Celebrating the history and heritage of Victoria Park is central to the revival of Victoria Park. The project is funded by the National Lottery Heritage Fund and we share its belief that understanding, valuing and sharing our heritage brings people together, inspires pride in communities and boosts investment in local economies.
Victoria Park has a long and rich history. Created in 1878 after the old naval city walls were demolished, it turned farmland into an open green space for those living in cramped conditions in Landport and Portsea. The park became a symbol of Portsmouth’s transformation from a garrison town into a modern Victorian city.
You can explore Victoria Park’s past on this page and see the heritage tour of the park on Portsmouth City Council’s Facebook page.
Did you know?
The site of Victoria Park lies outside of the two historic centres of Portsmouth; the old town of Portsmouth and the naval dockyard. For that reason, we know much of the park has never been built on and the shale bed of the tidal creek is just below the surface. Within Victoria Park we have some of the oldest and uninhabited land in the city.
Exploring our history through the project
Our goal is to restore, uncover, respect and celebrate the park’s heritage. We want to preserve, understand, interpret and learn from Victoria Park’s past. There are many aspects of the park’s history that individuals, groups and schools might find interesting, for example:
- What did the opening of the park mean to local people in 1878?
- What does the design of the fountain tell us about the Arts and Crafts movement?
- What are the stories behind the people remembered by the memorials? Can we trace individual servicemen to the streets of Portsea and Landport?
- What do the monuments tell us about why those places were visited? What does that mean to us today?
- What was it like to use the British Restaurant in the park which provided hot food for bombed out families during the Second World War?
An interpretation scheme will help us tell the story of the park using modern and traditional methods.
Click the tabs below to learn about different aspects of the park’s heritage.
Originally Portsmouth was a walled city, built to protect against potential invaders and centred around the port and naval defences. Land outside the city walls, but still on the island of Portsea, was open farmland.
The remains of the old city walls lie under the north western section of the park. Excavations near Ravelin Park as part of the development of the new University Sports Centre uncovered archaeological evidence of the old walls. This enabled us to learn more about the history of the area prior to the park.
The presence of fortifications acted to supress development immediately outside the town. It was important and, in many cases mandated, to retain a clear field of fire within a set distance of the main defensive line. Throughout this time, the site of the park lay well outside the defended and developed areas of the town and dockyard.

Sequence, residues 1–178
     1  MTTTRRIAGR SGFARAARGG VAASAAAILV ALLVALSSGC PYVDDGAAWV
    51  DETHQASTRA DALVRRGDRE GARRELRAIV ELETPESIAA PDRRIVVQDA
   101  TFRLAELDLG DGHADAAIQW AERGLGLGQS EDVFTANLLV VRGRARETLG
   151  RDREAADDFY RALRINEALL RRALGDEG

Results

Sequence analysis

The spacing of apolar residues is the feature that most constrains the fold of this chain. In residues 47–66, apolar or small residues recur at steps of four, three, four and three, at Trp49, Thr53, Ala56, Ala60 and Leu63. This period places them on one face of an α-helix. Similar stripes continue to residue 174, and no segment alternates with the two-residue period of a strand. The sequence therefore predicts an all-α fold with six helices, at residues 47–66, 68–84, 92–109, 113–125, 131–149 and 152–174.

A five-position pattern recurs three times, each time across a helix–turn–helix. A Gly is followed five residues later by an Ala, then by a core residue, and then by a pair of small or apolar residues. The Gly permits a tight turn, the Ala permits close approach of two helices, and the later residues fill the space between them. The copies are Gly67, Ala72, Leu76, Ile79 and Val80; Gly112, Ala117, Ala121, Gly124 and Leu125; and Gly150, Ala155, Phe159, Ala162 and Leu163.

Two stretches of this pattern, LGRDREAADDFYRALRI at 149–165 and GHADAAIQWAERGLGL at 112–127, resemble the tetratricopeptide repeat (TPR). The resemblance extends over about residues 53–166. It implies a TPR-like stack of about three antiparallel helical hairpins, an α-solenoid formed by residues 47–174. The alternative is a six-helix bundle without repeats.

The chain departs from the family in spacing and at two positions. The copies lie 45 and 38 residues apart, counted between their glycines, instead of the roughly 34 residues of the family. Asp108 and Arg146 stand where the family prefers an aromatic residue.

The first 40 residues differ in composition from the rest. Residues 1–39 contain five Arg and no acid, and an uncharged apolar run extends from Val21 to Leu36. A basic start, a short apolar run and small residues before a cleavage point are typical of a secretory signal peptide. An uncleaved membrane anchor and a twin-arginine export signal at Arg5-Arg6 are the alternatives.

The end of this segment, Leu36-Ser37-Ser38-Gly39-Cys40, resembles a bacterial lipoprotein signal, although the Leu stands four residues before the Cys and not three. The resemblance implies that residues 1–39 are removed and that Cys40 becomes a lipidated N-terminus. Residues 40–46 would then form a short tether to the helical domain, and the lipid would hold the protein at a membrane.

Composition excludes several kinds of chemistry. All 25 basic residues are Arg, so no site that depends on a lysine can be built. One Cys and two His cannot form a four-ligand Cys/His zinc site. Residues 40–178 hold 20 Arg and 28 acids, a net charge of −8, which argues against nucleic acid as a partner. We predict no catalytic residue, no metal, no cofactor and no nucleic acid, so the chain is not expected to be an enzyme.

The park site as a whole, lay immediately north of a former tidal creek, known to have been converted into a mill pond by the late 16th century. Historic map analysis indicates that by the early 18th century the park site was in use as meadows.
The development of long range guns meant the city could be defended from the hill at Portsdown and the Solent, so the old naval fortifications were demolished. This led the way for the civic leaders to apply to the War Department for a lease of the land to build a people’s park in the 1870s.
By the 1860s the city had out grown the old naval walls and the new civic leaders requested that land around the demolished walls be turned into a park for the people of the city.
The idea for a people’s park, a designated open green space for those living in cramped conditions in Landport and Portsea, was novel in those days. Outside the old walls the land was still mostly agricultural but this was becoming developed as the new city flourished in the Victorian era. The War Department agreed to lease the land to the council for £50 a year, stipulating it must be used only for the intended recreational purpose.
The council commissioned leading landscape Alexander Mackenzie to design the park in the new ‘London’ style and while promenades and a rose garden were a feature of the new park, much of the planting was intended to reflect a more natural environment.
The park was opened in 1878 with a procession of members of the corporation in civic robes, the fire brigade, police, bands of the Royal Marine Artillery and the Portsea Island Union. The mayor presided over the switching on of the central fountain. At that time the park included a bandstand, drinking fountains, a greenhouse, a playground and places to play croquet and quoits. The town’s coat of arms was laid out in floral designs by the park entrances.
Shortly afterwards an aviary was added to the site housing rare birds and animals, linking the people of Portsmouth to scientific exploration and commercial and colonial expansion around the globe. All that many local people knew of this was the sense of the exotic brought to them through the aviary and hothouse. Imagine hearing the call of a peacock for the first time or feeling the wet heat of the rainforest a mile from your home on Queen’s Street. It must have been magical.
As part of our project we will look at the impact of Britain’s expansion around the world on the people of Portsmouth. As well as the impact on the people and places that they went to. The history of British expansion is reflected in the stories of the monuments in the park. Most of these were paid for by public subscription as memorials to family and friends who were lost at sea during campaigns, wars and voyages abroad. Many of the plants and trees in the park contribute to this international tale as well, as scientific exploration went hand in hand with commercial and colonial expansion.
The park has continued to evolve and change throughout it’s history. Attempts have been made to develop on the land but these have always been resisted except in exceptional circumstances during the two world wars and to provide other public facilities like the public swimming baths.